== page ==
In Delhi, CM Bommai says Karnataka will not compromise on river-linking projects

Karnataka CM Basavaraj Bommai is in New Delhi for a two-day visit and held a meeting with Members of Parliament from Karnataka.
Karnataka CM Basavaraj Bommai at an event
Karnataka CM Basavaraj Bommai at an event
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Karnataka Chief Minister Basavaraj Bommai on Monday, February 7, said his government has a "clear view" on the proposed river-linking projects related to the Krishna, Pennar and Cauvery, and that it will take all steps to get the state's share of water and not compromise. Bommai, who is in the national capital on a two-day visit, also told reporters that the Union government has asked the Karnataka government to discuss with the states concerned before finalising a detailed project report (DPR).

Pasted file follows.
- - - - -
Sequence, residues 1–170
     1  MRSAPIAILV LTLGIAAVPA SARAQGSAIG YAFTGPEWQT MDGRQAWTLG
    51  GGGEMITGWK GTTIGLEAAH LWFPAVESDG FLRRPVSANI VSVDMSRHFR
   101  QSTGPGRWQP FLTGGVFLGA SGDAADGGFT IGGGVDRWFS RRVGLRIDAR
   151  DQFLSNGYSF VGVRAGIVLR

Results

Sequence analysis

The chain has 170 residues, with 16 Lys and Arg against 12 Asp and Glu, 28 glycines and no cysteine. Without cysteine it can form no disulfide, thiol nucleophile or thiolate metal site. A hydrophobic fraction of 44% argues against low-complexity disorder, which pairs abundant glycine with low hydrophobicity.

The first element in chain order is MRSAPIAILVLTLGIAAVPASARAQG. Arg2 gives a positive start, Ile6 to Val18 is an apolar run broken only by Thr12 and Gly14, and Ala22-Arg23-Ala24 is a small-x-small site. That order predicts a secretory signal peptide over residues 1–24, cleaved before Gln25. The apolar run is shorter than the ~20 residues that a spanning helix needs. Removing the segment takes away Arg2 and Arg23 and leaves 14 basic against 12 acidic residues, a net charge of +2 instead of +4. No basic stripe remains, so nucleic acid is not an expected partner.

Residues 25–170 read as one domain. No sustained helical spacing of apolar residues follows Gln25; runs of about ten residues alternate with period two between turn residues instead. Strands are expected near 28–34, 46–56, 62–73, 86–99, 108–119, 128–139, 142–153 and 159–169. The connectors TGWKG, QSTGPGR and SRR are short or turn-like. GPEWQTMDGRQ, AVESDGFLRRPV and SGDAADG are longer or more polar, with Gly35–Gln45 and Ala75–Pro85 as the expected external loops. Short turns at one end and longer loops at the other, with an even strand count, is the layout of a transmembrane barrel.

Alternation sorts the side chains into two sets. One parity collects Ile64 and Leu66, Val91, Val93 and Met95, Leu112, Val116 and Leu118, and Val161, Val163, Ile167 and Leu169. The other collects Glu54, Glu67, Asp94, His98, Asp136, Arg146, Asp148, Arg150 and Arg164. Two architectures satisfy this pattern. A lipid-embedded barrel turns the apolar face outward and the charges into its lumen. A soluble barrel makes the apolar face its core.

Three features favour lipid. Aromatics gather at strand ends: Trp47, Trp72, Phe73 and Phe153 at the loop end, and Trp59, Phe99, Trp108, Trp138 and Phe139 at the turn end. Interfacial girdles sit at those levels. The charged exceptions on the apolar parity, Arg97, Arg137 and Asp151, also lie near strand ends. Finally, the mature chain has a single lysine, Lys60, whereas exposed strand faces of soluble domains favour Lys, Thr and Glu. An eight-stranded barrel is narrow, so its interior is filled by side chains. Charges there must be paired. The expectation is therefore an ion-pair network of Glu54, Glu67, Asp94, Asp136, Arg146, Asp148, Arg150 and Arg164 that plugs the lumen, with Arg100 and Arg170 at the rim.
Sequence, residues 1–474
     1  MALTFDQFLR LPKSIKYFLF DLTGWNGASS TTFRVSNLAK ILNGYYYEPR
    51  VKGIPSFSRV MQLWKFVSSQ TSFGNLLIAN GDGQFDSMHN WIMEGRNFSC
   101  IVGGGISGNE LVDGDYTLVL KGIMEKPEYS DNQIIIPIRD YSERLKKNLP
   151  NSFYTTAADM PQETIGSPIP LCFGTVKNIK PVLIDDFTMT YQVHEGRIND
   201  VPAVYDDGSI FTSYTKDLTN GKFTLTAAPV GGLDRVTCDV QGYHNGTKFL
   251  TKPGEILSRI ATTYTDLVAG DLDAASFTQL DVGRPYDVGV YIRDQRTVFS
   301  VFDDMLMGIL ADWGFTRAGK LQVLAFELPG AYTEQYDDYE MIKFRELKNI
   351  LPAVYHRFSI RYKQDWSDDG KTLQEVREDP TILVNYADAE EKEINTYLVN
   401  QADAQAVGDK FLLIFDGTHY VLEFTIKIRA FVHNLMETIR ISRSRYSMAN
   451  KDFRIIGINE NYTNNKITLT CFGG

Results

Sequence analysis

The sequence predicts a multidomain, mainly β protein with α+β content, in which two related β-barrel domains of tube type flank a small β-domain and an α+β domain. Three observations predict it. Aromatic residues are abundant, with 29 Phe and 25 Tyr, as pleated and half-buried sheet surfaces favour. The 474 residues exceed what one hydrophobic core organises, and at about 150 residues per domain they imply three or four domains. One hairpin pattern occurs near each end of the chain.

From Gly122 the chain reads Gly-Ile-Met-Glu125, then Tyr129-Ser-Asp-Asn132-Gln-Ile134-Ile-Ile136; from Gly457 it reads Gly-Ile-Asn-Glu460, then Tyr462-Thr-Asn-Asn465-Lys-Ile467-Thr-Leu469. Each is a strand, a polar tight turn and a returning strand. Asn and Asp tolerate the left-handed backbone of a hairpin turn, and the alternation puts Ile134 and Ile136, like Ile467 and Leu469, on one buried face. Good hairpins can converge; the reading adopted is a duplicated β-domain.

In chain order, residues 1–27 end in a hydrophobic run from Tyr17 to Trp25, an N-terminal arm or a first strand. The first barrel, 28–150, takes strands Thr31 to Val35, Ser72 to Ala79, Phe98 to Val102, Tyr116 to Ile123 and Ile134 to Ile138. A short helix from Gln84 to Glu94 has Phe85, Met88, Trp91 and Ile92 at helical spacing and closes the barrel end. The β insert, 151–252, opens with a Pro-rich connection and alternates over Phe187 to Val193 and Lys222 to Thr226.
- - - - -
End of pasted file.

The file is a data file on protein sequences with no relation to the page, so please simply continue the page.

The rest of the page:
Union Finance Minister Nirmala Sitharaman, in her 2022-23 budget speech, had proposed five river linking projects in the country — Godavari-Krishna, Krishna-Pennar, Pennar-Cauvery, Dharmaganga-Pinjal and Par-Tapi-Narmada. Of these, Krishna, Pennar and Cauvery projects are of concern to Karnataka.

Asked about the three projects related to the state, the Karnataka chief minister said, "In river linking projects, our view is very clear and will take all steps to take the share of Karnataka. The state government has taken the matter seriously as Krishna and Cauvery are the main rivers that are the lifeline for the state," he said and noted, "We will not compromise on this issue."

Asked if the state government has demanded its share of surplus water, Bomai said the issue of surplus water and river linking are different. "It is linking of Himalayan and peninsular rivers. We have clarity on this. The same wiil be conveyed," he added.

Bommai had at the recently held Southern Zonal Council meet at Tirupati said peninsular rivers should not be interlinked before the state's share of surplus water is finalised. The interlinking of Himalayan and peninsular rivers as well as the linking of 37 inter-state rivers had been mired in controversy since it was first proposed by the British in the 19th century.

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